Childrens’ products that go beyond color/gender stereotypes rake in the green.
By Rieva Lesonsky
I am not a pink person—never have been. My favorite color for as long as I can remember has been blue. According to a fascinating article in The Atlantic, the notion that girls love pink while boys embrace blue didn’t emerge until the 1940s.
The article highlights several small businesses that have confronted the color/gender stereotype, such as Princess Awesome, which was started by a mom who couldn’t find dresses featuring some of her then-2-year-old daughter’s favorite things, like trains. Another woman was inspired to start two companies, Free to Be Kids and Jessy & Jack, when she was frustrated by the clothes available for her son and daughter.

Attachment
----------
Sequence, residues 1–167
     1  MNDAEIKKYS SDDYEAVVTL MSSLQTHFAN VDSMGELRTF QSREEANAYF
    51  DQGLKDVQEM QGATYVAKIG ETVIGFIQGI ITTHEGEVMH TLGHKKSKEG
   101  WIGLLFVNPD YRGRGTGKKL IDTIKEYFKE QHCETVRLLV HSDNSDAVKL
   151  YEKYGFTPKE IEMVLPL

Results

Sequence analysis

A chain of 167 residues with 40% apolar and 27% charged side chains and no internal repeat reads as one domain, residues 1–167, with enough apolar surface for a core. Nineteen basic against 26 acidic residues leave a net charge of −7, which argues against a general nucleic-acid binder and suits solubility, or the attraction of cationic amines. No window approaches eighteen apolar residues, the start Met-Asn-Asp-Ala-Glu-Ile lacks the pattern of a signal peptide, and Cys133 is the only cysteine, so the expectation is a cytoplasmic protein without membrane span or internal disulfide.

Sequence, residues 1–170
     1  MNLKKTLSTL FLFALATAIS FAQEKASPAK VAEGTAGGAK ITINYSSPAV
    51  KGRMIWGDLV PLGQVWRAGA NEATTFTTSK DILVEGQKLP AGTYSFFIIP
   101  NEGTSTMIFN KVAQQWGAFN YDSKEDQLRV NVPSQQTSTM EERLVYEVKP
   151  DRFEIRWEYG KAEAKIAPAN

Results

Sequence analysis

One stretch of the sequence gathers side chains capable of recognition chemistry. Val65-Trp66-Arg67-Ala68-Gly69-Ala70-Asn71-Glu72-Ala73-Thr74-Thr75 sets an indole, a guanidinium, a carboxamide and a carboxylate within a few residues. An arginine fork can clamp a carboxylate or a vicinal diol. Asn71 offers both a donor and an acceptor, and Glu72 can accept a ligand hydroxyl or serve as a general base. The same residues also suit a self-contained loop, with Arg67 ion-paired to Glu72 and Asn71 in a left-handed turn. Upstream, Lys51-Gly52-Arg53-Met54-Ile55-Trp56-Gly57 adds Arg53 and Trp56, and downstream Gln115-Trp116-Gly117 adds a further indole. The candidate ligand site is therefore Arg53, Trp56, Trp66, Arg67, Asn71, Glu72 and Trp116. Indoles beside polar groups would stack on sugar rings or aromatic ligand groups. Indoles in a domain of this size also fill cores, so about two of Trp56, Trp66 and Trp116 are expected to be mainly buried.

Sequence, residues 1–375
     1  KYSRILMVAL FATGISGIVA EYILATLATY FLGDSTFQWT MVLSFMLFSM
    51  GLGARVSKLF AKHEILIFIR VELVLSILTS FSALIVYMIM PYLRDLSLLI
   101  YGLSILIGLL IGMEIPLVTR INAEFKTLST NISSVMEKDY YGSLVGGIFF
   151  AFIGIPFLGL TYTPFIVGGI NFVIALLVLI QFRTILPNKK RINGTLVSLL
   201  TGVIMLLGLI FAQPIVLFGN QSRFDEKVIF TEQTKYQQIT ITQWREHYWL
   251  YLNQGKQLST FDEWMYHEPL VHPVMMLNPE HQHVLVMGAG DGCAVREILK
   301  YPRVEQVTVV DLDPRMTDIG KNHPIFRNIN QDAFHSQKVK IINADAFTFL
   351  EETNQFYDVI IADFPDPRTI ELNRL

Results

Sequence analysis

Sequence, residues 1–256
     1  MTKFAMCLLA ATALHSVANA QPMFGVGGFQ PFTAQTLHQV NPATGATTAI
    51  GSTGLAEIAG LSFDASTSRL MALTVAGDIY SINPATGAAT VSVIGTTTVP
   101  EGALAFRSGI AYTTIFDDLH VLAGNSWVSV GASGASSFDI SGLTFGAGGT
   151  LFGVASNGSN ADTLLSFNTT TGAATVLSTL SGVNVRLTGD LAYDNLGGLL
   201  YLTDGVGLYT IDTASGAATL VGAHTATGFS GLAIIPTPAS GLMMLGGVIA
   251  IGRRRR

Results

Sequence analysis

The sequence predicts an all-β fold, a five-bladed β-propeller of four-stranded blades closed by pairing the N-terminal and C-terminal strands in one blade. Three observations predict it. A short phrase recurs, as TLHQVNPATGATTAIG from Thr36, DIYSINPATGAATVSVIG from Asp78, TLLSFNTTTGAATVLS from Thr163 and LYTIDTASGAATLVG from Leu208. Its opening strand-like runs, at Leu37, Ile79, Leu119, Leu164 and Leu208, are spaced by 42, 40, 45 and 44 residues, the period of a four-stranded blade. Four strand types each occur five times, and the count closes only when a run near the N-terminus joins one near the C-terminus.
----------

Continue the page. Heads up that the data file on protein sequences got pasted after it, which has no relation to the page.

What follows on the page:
There’s also a market for clothes that show the sky is the limit—almost literally. buddingSTEM, for instance, makes clothes with science and technology themes. As cofounder Malorie Catchpole told The Atlantic, “Wanting to wear tutus does not mean you can’t grow up and be a rocket scientist.”
This is a perfect time to get into this industry. Even some big companies, such as Target, are acknowledging the shift. The mega-retailer announced last year it was going to stop separating kids’ toys and bedding into girls’ and boys’ sections. The birth rate is likely to hit 4 million again this year (the number for an “official” baby boom year) so this market is bound to get bigger—for many years to come.
Featured photo courtesy: Jessy & Jack